Summary: a commemoration for Jews killed during the Holocaust
2021 Date: 7th-8th April (sundown to sundown)
Celebrated by: Jews, the State of Israel
Linked Holidays: International Holocaust Remembrance Day (worldwide)
Background and Theological Significance
Yom HaShoah, or in full Yom Hazikaron laShoah ve-laG’vurah (יום הזיכרון לשואה ולגבורה), is the official Holocaust Remembrance Day for the Jewish people. It literally translates as ‘Day of the Remembrance for the Holocaust and Heroism’. The day is observed annually in the State of Israel on the 27th Day of Nisan, which is the first month of the year according to the Hebrew calendar; it is mirrored by the International Holocaust Memorial Day which is on the 27th of January, the first month of the international calendar. It commemorates the more than six million Jews who were murdered during the Holocaust, as well as the efforts of the Jewish resistance during this time. Holocaust commemorations are held by many different groups worldwide. However, Yom HaShoah is the specific memorial day that was established by the State and Chief Rabbinate of Israel for the Jewish people in that place and dispersed around the world.
Holocaust education in Israel in the 1950s typically emphasised the suffering of the Jewish peoples under the oppression of the Third Reich. This emphasis changed in the 1960s towards teaching young Israelis about Jewish resistance, both active and passive, during the Nazi persecution; in addition to learning about the horrors committed. Yom HaShoah has since spread from being an Israeli commemoration to being a day that is observed by Jewish communities around the world. It has also led the way for many other organisations and countries, including the United Nations, to set an annual date of commemoration for all those killed in the Holocaust, as well as those who have been the victims of genocide before and since.
The word ‘shoah’ is used in the Hebrew Bible to mean calamity or destruction, and since the 1940s it has been used by Jews as the primary term for the Holocaust. The first commemoration of the Shoah in Israel was held on the 28th December 1949, due to the decision by the Chief Rabbinate that an annual commemoration should take place on the 10th Day of Tevet, a traditional Hebrew day of mourning. However, by 1951, the Israeli government declared that the 27th Day of Nisan should be the annual date of the Holocaust Day of Remembrance. The first observance was held on 3rd May 1951 in a ceremony at the Chamber of the Holocaust on Mount Zion. The full name of Yom Hazikaron laShoah ve-laG’vurah was established in 1953, although it is more commonly referred to as Yom HaShoah. The Israeli government legally established the day as a national commemoration in 1959, which was to include a two-minute silence as well as memorial gatherings and Holocaust educational programmes.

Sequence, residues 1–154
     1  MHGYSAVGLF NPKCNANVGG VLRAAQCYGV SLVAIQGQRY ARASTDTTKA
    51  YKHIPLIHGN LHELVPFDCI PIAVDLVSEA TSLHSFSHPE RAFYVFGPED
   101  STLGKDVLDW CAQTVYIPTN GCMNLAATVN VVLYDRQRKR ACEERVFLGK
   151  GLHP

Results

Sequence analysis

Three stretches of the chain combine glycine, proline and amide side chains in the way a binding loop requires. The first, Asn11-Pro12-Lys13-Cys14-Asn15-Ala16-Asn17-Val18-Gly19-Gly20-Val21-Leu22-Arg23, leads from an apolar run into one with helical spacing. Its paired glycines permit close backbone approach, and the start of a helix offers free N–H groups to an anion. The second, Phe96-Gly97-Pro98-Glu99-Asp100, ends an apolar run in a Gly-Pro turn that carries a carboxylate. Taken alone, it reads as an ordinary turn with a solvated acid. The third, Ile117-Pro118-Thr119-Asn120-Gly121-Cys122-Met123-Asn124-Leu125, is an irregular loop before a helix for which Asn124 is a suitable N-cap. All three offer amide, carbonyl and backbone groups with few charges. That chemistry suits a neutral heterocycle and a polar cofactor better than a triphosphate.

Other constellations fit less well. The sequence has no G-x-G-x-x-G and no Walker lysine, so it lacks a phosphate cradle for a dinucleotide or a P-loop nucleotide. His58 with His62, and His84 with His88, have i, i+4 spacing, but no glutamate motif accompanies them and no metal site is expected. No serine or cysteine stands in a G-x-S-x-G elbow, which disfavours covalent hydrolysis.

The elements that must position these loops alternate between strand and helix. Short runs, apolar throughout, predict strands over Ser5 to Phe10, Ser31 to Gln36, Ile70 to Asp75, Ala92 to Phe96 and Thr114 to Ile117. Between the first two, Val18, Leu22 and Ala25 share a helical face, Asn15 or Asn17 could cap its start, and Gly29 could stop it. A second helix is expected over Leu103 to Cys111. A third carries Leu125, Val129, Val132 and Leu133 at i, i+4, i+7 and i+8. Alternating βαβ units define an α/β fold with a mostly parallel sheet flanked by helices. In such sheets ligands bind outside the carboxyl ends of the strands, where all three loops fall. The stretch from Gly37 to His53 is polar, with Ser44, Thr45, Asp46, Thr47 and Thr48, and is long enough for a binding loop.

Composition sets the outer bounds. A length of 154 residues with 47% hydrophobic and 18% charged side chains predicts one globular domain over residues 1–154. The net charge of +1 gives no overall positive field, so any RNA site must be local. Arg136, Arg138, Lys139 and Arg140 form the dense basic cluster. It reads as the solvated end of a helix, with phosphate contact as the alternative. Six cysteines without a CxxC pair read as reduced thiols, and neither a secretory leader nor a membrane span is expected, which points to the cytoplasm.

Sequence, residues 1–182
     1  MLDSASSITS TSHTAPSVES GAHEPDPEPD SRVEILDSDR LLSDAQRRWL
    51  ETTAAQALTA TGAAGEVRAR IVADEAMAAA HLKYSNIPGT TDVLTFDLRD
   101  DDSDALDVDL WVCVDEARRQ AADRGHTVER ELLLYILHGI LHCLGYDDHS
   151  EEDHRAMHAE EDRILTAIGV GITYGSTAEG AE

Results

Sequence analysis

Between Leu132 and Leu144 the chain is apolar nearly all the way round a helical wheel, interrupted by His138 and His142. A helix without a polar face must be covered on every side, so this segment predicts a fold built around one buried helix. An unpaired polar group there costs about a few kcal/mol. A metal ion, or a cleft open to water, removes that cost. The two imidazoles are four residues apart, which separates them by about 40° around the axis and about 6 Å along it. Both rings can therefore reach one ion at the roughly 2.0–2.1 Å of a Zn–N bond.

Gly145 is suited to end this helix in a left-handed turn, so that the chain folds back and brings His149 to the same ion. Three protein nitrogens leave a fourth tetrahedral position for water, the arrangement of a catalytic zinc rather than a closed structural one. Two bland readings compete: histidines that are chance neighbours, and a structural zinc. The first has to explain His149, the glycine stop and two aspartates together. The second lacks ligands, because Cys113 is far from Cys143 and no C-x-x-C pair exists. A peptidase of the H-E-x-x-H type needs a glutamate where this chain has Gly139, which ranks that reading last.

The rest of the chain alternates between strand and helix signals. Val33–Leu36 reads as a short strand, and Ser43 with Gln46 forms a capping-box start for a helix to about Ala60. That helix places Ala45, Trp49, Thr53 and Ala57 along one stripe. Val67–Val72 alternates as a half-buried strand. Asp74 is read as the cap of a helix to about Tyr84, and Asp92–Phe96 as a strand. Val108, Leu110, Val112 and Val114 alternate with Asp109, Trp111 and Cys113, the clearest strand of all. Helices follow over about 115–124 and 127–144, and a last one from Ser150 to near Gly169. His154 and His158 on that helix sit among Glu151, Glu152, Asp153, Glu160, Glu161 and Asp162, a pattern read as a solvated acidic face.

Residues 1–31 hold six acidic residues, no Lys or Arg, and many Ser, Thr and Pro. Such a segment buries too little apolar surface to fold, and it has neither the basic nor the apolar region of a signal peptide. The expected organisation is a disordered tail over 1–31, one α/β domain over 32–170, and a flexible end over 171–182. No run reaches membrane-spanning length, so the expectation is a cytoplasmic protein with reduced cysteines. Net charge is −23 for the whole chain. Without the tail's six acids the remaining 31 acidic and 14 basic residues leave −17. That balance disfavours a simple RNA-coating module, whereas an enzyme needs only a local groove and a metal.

The placing of Yom HaShoah in the Gregorian calendar alters from year to year, but normally occurs between April and May; one week after Passover and eight days before Israel Independence Day. If the 27th Day of Nisan in any given year falls adjacent to the Sabbath, the commemoration is moved backward or forward by one day.
Yom HaShoah begins in Israel at sundown with a ceremony at Yad Vashem in Jerusalem. During this ceremony, the flag is lowered to half-mast and six torches (representing the approximately six million Jews who died during the Holocaust) are symbolically lit. Similar ceremonies of commemoration are also held in schools and community centres across the country. Places of entertainment such as cafés and cinemas are closed, and Holocaust documentaries are often streamed on radio and television. At 10:00am on the day of Yom HaShoah, an air-raid siren announces two minutes of silence throughout Israel, giving people an opportunity to remember, reflect and pray.
Commemorations of Yom HaShoah are also held by Jewish communities across the world. These often take the form of prayer services in the local synagogue, candlelit vigils and recitations of the Mourner’s Kaddish. Since the 1980s the annual March of the Living takes place in Poland on Yom HaShoah, when thousands of people march silently between Auschwitz and Birkenau concentration camps to remember all who were murdered there.
Yom HaShoah is a day of great importance for Jewish communities, both in Israel and worldwide. Many different groups, whether Reformed, Conservative, or Orthodox, have suggested different ways of commemorating this uniquely tragic event.
One account of the importance of Yom HaShoah can be found in the following news item by a Jewish writer, which tells the story of how her family were cruelly ripped apart by the tragedy of the Holocaust, and how the annual commemoration of Yom HaShoah plays a great importance in her personal and cultural life.